For the first time in my adult life, I was diagnosed with mental health issues—issues that predate my accident and I'd been living with but hadn't a clue about (knowledge is half the battle, yes?). According to the DSM-IV, I was diagnosed with dysthymia, general anxiety, social anxiety, performance anxiety, and chronic Major Depressive Disorder (I think the DSM-V would categorize all this simply as "depression" and "anxiety" but don't quote me on that; I haven't really studied up on the DSM-V).
My car accident was in January, and I was 28 years old at the time.
On my 29th birthday later that year on October 21st, I was still in the (mental health) hospital being treated for severe depression, suicidal ideation, PTSD, and anxiety, among other things (I was still receiving inpatient physical rehabilitation services, as well, thrice weekly). During my daily appointment with the treating psychiatrist, I broke down into uncontrolled fits of sobbing simply because he wished me a happy birthday.
I was so broken—not just physically but financially, mentally, spiritually and just about every other aspect—that I couldn't let anyone even say, "happy birthday" to me without turning into a blubbering mess. I quite literally could not celebrate my 29th birthday. My session began with my shrink giving me a birthday greeting and me spending the remainder of the session sobbing uncontrollably, unable to even explain why I sounded more like a banshee than a birthday celebrant.
For the next five years, I invariably spent my birthday locked up in an inpatient psychiatric unit of one mental health hospital or another, primarily to treat depression and suicidal ideation (or otherwise). I've never really been able to celebrate my birthday, at least in anything forming a semblance to what one normally would consider a celebration, birthday or otherwise.
I still can't explain why I broke down so badly in front of the first (or any) person to wish me a happy 29th birthday. But ever since then, I haven't been able to celebrate a birthday. I can celebrate life, and the fact that I'm alive, and a few other things, but not my birthday.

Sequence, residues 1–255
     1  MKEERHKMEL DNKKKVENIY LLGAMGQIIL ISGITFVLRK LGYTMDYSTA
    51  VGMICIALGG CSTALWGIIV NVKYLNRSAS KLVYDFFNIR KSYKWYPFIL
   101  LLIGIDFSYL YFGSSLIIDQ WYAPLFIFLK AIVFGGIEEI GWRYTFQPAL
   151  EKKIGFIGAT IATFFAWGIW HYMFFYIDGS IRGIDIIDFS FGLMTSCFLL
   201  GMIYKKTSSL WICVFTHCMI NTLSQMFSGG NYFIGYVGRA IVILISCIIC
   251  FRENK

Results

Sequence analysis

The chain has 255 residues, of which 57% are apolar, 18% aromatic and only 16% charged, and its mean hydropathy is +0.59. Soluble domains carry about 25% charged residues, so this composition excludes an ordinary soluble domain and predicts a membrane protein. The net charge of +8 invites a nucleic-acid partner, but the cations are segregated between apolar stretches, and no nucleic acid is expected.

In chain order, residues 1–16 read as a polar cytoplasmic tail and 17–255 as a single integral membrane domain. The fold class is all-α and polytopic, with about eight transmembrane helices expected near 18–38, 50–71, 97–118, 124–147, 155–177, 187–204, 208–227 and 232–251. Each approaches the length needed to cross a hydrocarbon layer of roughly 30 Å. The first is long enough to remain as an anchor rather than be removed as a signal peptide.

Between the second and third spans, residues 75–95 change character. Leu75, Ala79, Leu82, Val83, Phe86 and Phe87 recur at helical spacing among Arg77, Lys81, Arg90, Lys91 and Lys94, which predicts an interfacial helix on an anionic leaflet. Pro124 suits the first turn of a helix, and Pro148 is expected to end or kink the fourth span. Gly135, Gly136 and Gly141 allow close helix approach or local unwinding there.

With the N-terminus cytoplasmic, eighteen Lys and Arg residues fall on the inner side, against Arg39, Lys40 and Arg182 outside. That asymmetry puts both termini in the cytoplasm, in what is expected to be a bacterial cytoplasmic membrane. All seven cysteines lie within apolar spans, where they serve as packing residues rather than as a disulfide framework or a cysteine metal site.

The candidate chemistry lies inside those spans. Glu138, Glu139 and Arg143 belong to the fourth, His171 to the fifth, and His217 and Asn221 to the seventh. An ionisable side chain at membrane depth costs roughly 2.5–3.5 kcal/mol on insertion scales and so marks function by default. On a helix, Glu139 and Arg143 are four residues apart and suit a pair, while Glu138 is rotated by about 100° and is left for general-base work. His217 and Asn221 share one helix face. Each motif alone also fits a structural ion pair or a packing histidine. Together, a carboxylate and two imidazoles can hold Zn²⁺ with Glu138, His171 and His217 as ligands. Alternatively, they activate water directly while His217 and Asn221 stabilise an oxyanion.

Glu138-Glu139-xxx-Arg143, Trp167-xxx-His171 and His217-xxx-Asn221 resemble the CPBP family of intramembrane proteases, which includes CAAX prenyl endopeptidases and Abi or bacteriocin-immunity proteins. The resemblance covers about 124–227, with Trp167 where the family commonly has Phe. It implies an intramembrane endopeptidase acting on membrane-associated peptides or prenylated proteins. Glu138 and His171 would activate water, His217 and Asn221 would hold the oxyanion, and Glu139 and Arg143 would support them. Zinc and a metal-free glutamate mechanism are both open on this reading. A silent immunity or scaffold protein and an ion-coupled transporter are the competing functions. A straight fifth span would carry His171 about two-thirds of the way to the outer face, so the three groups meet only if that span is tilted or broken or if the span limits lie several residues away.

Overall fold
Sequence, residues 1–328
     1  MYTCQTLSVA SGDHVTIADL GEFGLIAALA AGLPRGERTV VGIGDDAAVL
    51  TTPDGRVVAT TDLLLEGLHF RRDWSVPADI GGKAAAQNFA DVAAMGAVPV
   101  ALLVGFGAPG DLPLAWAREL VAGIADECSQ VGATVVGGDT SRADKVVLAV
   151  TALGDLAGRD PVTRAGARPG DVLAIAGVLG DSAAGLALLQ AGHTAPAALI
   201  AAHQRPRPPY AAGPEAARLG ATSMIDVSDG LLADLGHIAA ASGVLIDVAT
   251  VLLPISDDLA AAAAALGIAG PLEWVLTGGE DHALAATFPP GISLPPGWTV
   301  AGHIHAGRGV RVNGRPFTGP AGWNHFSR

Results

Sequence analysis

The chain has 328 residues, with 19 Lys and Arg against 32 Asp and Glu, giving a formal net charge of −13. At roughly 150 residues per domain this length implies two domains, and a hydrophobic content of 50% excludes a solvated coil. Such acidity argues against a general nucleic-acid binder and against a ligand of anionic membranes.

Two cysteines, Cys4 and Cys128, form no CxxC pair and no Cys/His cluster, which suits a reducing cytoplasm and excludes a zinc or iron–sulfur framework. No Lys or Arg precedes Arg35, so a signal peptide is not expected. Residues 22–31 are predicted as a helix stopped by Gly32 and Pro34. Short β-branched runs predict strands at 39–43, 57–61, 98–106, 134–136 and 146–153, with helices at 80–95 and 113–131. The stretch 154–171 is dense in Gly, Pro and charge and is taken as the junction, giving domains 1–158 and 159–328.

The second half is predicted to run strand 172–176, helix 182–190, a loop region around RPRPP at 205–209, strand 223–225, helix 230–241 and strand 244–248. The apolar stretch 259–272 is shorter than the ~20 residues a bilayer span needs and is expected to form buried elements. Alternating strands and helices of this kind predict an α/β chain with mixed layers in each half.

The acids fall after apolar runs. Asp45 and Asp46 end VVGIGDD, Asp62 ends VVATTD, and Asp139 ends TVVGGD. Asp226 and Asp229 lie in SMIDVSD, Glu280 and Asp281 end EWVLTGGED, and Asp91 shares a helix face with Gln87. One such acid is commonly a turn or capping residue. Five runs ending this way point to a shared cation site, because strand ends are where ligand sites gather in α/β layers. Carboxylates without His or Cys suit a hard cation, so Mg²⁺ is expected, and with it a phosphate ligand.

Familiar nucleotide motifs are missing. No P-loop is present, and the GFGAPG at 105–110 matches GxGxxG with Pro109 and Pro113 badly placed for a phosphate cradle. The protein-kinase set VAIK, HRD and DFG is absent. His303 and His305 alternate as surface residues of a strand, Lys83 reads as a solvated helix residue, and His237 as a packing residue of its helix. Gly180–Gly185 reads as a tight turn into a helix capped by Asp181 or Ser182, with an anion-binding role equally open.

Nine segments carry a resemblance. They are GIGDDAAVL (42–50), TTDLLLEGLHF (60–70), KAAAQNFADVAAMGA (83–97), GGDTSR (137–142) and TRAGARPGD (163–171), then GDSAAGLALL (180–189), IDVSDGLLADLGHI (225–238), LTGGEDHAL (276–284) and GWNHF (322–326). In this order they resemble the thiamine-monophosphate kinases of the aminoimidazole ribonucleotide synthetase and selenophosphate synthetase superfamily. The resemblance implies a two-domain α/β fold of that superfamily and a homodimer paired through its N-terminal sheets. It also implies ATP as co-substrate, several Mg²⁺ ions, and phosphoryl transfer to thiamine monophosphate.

In fact, I am grateful that I'm alive, and I'm filled with gratitude for all of the wonderful, amazing, loving, and caring individuals who are a part of my life. I can do gratitude. Got that covered. But when it comes to celebrating, I can't...
Even to this day, my birthday still remains an elusive something I am unable to celebrate. I feel numb, empty, and devoid. There is nothing inside—no joy, no hope, not even sadness. I am a vacuum of emotion. While I can at least now go through the motions of celebrating, what I feel on the inside is anything but feeling. How can one feel celebratory when one simply can't feel?
I've previously written that I spent a good number of years existing in a "living coma" after my accident. This "half-vegetative state" existed until I returned to the scene in Montauk, NY a number of years later, where I spent a good deal of time taking in some of the ocean's healing energies.
The feeling—or lack thereof, more specifically—I have on my birthday is quite different from that, though. I spend the days, and sometimes weeks, leading up to my birthday gripped in the throes of paralyzing fear, anxious of ... I don't know what. It's similar to the anxiety I feel when I know I should do something but can't quite bring myself to do it.
So when people ask me my age, I tell them that I'll be celebrating my 29th birthday not because I'm vain or care how old I am but rather because I have not been able to celebrate my 29th (or any other) birthday to this very day. As such, I will continue to celebrate my 29th birthday until that changes and I'm actually able to celebrate my 29th birthday.
To me, it's not a matter of vanity, it's a matter of living life and continuing to grapple with the mental health issues of depression and anxiety I battle on a daily basis.
For the record, I'm at the age now where I can't quite remember how old I am, which also happens to be the age where one no longer can be arsed to do the math.
Or to put this in terms that millennials may better relate to:
Q: Why do you celebrate your 29th birthday when you're not 29?
A: Because, I can't even.